As soon as the words were out of my mouth, I realized that this would not be the merriest of Christmases for the Criders.
“Sing one more Christmas song and I am not even kidding, I will stab you with a candy cane.” That’s what I’d said. To my best friend. The singing stopped, and a life-changing heart-to-heart followed. We talked about managing priorities, keeping things in perspective, knowing when to say no and when to ask for help.
I was a young mom, and money was tight. My husband was gone for the holidays, our children were small and needy, and I was far from my family. On my best days, I was overwhelmed, lonely, scared and struggling. On my worst, just putting one foot in front of the other took everything I had. Traditions and expectations aside, I was so depressed that I was incapable of rejoicing in or even appreciating the birth of my savior. My world was the darkest it had ever been
In the many years since then, there have been some less-than-perfect and even downright pitiful Christmases and many that were amazingly wonderful, too. But none as bleak as that year.
Every Christmas season, as decorations go up in the stores and the jolly elf takes center stage amidst carols and commercialism, I reflect on that conversation and give thanks for my sweet friend and the wisdom she shared with me that day.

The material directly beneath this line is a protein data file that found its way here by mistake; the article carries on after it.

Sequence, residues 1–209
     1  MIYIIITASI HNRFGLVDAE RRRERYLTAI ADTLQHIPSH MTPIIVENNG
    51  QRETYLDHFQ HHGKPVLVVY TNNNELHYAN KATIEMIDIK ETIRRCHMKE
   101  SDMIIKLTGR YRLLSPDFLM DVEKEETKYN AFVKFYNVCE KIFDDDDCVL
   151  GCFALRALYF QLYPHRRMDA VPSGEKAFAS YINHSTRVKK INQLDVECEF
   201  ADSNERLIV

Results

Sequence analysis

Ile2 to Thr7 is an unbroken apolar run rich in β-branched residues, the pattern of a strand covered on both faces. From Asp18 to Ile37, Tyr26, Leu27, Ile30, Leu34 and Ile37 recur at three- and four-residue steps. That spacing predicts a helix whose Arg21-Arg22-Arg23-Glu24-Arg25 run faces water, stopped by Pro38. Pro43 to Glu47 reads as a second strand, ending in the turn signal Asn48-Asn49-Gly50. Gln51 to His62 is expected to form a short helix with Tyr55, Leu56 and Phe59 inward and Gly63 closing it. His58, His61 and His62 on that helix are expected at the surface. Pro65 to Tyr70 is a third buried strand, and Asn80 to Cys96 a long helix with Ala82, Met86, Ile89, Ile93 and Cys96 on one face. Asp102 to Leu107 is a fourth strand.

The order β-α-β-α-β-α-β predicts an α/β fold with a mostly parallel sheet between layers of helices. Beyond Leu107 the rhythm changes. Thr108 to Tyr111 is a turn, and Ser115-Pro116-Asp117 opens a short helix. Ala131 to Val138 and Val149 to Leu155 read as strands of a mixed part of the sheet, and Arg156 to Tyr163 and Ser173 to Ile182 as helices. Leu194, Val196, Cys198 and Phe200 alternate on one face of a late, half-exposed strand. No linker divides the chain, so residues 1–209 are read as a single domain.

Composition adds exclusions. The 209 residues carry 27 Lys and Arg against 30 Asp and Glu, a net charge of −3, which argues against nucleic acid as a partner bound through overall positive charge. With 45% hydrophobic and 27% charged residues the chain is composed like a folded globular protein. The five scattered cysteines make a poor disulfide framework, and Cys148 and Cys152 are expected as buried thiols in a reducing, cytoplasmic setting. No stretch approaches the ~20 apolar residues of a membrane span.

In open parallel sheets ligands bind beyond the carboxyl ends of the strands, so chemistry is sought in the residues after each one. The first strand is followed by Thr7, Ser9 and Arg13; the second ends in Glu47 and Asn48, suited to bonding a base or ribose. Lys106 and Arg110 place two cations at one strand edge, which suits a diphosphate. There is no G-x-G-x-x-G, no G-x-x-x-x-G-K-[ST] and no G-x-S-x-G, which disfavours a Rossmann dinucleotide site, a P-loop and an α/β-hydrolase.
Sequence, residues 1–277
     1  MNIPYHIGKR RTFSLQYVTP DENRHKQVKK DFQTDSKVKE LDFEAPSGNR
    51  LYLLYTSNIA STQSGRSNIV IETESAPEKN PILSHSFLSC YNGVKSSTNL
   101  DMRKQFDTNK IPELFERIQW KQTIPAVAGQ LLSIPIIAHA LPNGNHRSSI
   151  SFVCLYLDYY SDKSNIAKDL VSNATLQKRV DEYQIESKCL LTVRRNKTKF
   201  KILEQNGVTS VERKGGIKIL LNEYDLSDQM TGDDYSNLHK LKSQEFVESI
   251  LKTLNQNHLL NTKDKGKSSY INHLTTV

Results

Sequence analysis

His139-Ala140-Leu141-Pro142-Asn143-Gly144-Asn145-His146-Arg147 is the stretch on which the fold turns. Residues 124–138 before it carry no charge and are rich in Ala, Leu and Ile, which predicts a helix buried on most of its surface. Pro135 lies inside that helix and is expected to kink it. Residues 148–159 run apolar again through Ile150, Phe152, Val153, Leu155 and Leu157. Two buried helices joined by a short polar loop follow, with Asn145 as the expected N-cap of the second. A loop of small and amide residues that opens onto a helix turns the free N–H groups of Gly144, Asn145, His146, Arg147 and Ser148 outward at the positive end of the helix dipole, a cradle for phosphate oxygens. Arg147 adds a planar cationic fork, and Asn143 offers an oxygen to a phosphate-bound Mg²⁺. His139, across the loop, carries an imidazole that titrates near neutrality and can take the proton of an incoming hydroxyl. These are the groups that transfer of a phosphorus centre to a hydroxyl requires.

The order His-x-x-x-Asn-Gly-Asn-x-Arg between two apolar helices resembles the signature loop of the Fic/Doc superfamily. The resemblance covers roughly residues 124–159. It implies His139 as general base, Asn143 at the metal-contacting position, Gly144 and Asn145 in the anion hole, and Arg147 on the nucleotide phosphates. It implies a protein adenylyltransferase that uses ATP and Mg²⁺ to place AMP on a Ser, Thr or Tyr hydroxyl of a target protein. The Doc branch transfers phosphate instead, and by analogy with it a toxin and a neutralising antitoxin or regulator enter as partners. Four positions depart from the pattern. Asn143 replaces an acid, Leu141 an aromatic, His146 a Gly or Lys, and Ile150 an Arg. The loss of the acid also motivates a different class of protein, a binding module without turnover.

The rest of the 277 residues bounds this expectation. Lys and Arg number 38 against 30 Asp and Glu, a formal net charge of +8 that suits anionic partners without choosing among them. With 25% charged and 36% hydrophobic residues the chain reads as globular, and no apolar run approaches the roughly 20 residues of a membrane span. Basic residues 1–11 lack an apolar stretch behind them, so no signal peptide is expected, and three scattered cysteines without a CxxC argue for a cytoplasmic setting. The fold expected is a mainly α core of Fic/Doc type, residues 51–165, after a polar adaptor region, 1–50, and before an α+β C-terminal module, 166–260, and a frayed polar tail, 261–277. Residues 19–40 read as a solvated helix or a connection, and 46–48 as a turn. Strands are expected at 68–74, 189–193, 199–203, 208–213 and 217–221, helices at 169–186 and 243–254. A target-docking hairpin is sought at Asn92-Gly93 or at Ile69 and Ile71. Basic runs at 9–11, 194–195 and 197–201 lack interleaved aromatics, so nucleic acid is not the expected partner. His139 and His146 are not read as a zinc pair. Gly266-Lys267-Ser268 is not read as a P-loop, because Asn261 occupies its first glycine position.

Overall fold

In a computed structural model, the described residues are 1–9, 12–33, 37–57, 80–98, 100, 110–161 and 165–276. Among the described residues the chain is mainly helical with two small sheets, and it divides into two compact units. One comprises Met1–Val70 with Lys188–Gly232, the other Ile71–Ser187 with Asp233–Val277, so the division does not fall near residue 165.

It’s easy to get caught up in the holiday hustle, and when you’re feeling it, it truly is the most beautiful, wonderful — insert all the magical, Christmas-y adjectives here — time of the year. But when you’re not, oh man, is it agony. Trying to force it and fake it, when what you really want is to say f$%& it and hide under your bed until the new year, is a horrible idea. It can make you do crazy things — like threaten to impale your dearest friends with minty holiday confections.
There is no one-size-fits-all answer for the holiday blues, but there are strategies and resources. Being honest with yourself and those around you is a good place to start.
It’s OK if you don’t love the holidays or if you are struggling. You are not alone.